Thursday, April 23, 2009

Money is Like a Rope: Pull, Don’t Push

If you try to move retirement savings from one institution to another the wrong way, you can encounter roadblocks, unanswered phone calls, and extended delays. Money has to be pulled rather than pushed.

In physics class, students are told that “you can’t push a rope.” This means that if your calculations result in negative tension on a rope, the rope goes slack rather than actually pushing. If you want to move retirement savings to a new institution, the best way to go about it is to have the destination institution pull the money away from the old institution.

Many people believe that to move retirement money out of a brokerage, they have to talk to their existing brokerage to have the money sent elsewhere. Unfortunately, the existing brokerage has little incentive to cooperate. They may try to pressure the client to stay and may try various delay tactics.

In yesterday’s discussion of what holds people back from making the switch to low-cost index funds, Mark Wolfinger suggested that some people would fear a confrontation with their existing financial advisor. I think Mark is right that many people would have this fear. However, it usually isn’t necessary to talk to your financial advisor to make a change.

By simply filling out a form at your new institution, you can instruct them to pull the money out of your old account. Your financial advisor may choose to contact you, but this has never happened to me. Every time I’ve closed down one account and sent the money to another, all I’ve had to do is fill out a form at the new institution.


  1. Very true. No need to sell everything to transfer either - making the transfer "in-kind" as opposed to "in-cash" spares redemption fees (which some new advisors don't tell you is an option). It can also save an unnecessary tax hit for taxable accounts.

    The new advisor is incentivized to promote an in-cash transfer because new up-front commissions could be generated all over again.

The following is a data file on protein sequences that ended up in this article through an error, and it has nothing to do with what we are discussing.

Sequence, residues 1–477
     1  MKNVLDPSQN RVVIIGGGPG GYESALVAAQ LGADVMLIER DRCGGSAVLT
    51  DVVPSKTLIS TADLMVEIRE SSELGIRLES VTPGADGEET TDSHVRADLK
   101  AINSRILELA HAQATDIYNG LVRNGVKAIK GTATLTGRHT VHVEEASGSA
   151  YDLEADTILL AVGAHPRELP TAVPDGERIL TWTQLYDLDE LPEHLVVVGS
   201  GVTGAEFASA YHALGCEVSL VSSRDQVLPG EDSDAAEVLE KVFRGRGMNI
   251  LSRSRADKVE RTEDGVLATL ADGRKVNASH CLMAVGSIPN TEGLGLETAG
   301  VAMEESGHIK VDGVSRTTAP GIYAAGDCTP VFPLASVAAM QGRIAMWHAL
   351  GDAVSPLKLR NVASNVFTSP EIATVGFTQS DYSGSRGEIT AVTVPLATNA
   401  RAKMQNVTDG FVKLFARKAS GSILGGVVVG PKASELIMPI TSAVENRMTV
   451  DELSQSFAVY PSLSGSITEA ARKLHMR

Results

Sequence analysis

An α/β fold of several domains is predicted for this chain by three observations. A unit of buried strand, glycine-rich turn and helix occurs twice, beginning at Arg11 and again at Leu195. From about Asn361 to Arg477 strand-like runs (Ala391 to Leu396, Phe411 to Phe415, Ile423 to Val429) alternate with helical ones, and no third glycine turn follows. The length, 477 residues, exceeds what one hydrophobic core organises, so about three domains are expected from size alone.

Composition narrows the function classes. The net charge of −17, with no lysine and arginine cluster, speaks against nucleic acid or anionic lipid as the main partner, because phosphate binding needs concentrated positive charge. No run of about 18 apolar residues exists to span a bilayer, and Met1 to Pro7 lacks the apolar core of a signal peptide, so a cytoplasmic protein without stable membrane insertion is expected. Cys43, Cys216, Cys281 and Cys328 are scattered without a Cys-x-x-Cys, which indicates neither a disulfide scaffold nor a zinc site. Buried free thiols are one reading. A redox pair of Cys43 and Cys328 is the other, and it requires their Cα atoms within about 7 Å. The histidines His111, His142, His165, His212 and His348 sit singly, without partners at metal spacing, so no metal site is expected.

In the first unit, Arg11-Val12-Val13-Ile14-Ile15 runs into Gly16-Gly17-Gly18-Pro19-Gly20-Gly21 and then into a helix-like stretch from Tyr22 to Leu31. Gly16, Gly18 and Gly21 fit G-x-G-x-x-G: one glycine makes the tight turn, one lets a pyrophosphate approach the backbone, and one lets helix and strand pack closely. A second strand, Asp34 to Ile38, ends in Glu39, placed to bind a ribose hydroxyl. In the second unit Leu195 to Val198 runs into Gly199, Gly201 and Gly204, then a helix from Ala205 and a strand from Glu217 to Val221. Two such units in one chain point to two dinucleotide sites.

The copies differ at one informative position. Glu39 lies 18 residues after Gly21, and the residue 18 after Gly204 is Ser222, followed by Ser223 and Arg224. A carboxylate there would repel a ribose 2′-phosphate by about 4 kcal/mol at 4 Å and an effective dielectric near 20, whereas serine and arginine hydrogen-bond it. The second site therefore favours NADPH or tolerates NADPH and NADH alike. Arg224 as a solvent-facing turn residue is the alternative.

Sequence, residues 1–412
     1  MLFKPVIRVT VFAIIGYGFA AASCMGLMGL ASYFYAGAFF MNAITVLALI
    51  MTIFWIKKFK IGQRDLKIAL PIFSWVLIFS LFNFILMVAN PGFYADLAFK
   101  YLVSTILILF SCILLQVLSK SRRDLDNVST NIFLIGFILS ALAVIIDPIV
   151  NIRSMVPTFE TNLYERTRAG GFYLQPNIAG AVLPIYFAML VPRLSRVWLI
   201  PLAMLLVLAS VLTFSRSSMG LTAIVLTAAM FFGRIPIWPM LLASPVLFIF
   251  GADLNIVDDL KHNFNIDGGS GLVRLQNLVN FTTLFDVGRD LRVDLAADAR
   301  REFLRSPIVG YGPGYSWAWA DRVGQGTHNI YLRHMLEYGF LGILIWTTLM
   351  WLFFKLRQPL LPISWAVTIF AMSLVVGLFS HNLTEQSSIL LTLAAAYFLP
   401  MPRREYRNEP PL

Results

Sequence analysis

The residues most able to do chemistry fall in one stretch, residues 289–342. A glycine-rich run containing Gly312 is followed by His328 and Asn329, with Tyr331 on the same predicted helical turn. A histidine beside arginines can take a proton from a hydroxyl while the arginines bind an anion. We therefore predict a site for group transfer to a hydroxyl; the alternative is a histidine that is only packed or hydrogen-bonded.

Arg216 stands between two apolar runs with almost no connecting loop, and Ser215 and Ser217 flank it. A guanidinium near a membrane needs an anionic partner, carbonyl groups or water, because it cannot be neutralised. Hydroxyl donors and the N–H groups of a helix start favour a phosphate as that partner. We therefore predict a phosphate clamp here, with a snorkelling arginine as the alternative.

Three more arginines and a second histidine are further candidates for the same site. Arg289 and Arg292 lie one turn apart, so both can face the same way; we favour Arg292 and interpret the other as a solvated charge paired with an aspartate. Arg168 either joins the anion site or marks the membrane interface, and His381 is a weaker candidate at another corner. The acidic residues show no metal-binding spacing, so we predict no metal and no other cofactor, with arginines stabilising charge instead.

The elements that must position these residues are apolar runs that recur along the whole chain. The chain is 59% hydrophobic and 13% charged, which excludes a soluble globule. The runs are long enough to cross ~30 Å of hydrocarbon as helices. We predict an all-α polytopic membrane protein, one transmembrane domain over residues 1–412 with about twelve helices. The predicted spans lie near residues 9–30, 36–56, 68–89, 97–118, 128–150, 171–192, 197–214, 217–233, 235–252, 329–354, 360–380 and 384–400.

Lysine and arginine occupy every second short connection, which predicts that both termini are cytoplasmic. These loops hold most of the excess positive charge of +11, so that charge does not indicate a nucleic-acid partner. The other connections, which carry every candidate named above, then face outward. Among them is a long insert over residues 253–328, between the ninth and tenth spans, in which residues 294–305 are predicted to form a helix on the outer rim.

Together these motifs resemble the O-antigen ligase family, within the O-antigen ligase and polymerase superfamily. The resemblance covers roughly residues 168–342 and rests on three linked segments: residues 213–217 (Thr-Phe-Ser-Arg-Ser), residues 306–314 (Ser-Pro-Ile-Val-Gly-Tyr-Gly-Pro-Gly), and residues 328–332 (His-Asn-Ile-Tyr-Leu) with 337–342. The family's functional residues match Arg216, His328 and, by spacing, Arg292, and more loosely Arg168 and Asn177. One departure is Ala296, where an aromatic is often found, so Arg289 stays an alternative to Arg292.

2. Preet: That's a good point about the in-kind transfer. Of course, there may not be a new advisor for people who choose to try investing on their own with a discount brokerage account.

  3. I want to do this and move my funds from mackenzie into TD efunds but am finding it difficult to get any information on doing so from either institution (I have TD efunds setup already). Anyone ever do this?

  4. Novice: I haven't done this with TD, but my discount brokerage had a form available online called something like Authorization to Transfer Account. One time I filled this in with the help of a person at the local branch of the bank associated with the discount brokerage. Another time I filled in this form myself and sent it to the discount brokerage by fax. If you have a TD brokerage account, they must have some sort of number you can call to speak to a human for help with this.

  5. Last year, I transfered my account from E*Trade Canada to TD. Shortly after that, E*Trade called and offered $300 and free trades for a few months to switch back.

    I did so, but I am now considering changing back to TD, since their wash trades are automatic versus having to call in and speak to someone about having it done manually.

  6. Back to your cocktail party story yesterday, I think some may be reluctant to change because they trust their advisor/salesperson more than a stranger. After being with a salesman for a few years, they are lulled into a sense of security and trust of this person, who additionally is often a friend of relative.

    When I started investing with mutual funds, the market had a tendency to go up by 15% a year. A 2.75% MER is more palatable when you're still making 12% a year. Not so much when you've lost 25% in a short period of time.